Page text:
The Polestar Precept Concept is going into production as a Polestar 5, and the manufacturer has teased its final appearance in a short video
In the latest instalment of Polestar’s Concept to Car YouTube series, the carmaker shows the process behind evolving the Precept into the production-ready Polestar 5.
The teaser demonstrates the small changes like the addition of rear door handles on conventional doors, more practical side skirts and a taller windscreen. Chasing Cars reported earlier this year that the production Polestar 5 wouldn’t differ hugely from the Precept concept and thankfully, that appears to be true.
When the Polestar 5 launches it will join a four-strong model range alongside the recently launched Polestar 2 sedan, the Polestar 3 large SUV slated for launch in 2022, and a smaller coupe SUV in the form of the Polestar 4.
These four vehicles form part of Polestar’s ambitious – but achievable – goal to increase global sales from around 29,000 units in 2021 to 290,000 by 2025.
In episode three of Polestar’s series, exterior design manager Nahum Escobedo walks the audience through the process that takes the Precept concept to Polestar 5 reality.
Mr Escobedo is seen sketching a higher bonnet over the Precept’s lines – presumably to meet pedestrian safety standards – and showing his inspirations which include cameras, architecture, aeroplanes and, overwhelmingly, sharks.
Referring to the front end, Mr Escobedo says: “that’s what we call the shark nose”, which some may remember from gorgeous BMWs penned in the ’70s and ’80s by Paul Bracq, and we reckon that’s a good thing.
The underbitey nose and front end looks to remain intact from the Precept concept with its narrow LED headlights and falling chin, though some details have been lost on the way to production.
In profile it’s clear the sideskirts of the Polestar 5 have been softened for the production model, while the rear end loses some of its outright drama. The ‘suicide’ side doors have also been lost in favour of more traditional openings.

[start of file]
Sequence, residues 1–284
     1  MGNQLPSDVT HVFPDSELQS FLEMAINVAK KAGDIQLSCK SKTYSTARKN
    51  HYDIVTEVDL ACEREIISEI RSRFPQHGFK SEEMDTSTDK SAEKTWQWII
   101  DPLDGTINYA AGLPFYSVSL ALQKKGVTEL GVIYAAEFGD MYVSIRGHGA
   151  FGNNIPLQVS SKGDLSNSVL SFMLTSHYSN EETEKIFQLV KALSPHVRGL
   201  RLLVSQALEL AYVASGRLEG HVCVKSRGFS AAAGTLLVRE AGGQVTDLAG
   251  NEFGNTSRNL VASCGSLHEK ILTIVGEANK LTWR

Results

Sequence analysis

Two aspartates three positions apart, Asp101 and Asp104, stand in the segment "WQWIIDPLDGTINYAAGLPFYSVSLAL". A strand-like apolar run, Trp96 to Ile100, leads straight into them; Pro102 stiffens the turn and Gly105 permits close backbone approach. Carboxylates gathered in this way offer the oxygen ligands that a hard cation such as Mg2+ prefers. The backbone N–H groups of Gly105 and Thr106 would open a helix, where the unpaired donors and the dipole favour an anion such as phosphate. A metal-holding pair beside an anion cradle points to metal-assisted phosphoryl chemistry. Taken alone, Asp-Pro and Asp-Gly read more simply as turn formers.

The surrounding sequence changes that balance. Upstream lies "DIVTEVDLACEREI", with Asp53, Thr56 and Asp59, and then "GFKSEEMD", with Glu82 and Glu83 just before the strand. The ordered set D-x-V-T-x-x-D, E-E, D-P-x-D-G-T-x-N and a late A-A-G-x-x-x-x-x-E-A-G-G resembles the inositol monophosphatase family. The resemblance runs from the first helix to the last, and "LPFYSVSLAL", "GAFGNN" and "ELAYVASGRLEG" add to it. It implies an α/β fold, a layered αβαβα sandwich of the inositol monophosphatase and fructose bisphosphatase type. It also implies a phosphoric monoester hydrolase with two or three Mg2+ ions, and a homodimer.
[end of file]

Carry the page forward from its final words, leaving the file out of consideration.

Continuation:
While there is a rear window in the final Polestar 5 iteration (the concept only had a glass roof), the dramatic full-width LED lighting feature looks to make it unchanged. Additionally, the Precept’s long and low proportions have made it into the latest version of the Polestar 5.
Some have called the Precept concept and subsequent Polestar 5 the ‘coolest electric car so far’, and while that’s a personal opinion it does hold water in Escobedo’s design mentality: “during the process, I don’t look at cars at all, because if you do that you’re sort of locking yourself into a corner.”
Unlike the Polestar 2, the 5 won’t be front-wheel drive. Instead, the basic set-up is anticipated to be a rear-mounted 450kW ‘P10’ motor. It’s likely a performance-oriented variant will be offered boasting 650kW of power thanks to the addition of a front electric motor.
Following the trend set by Polestar 3 and 4, the 5’s range is expected to be upwards of 600km thanks to a 103kWh battery pack that has clever integration of vehicle-to-grid charging, and a zero to t80 percent charge time in the vicinity of 20 minutes.
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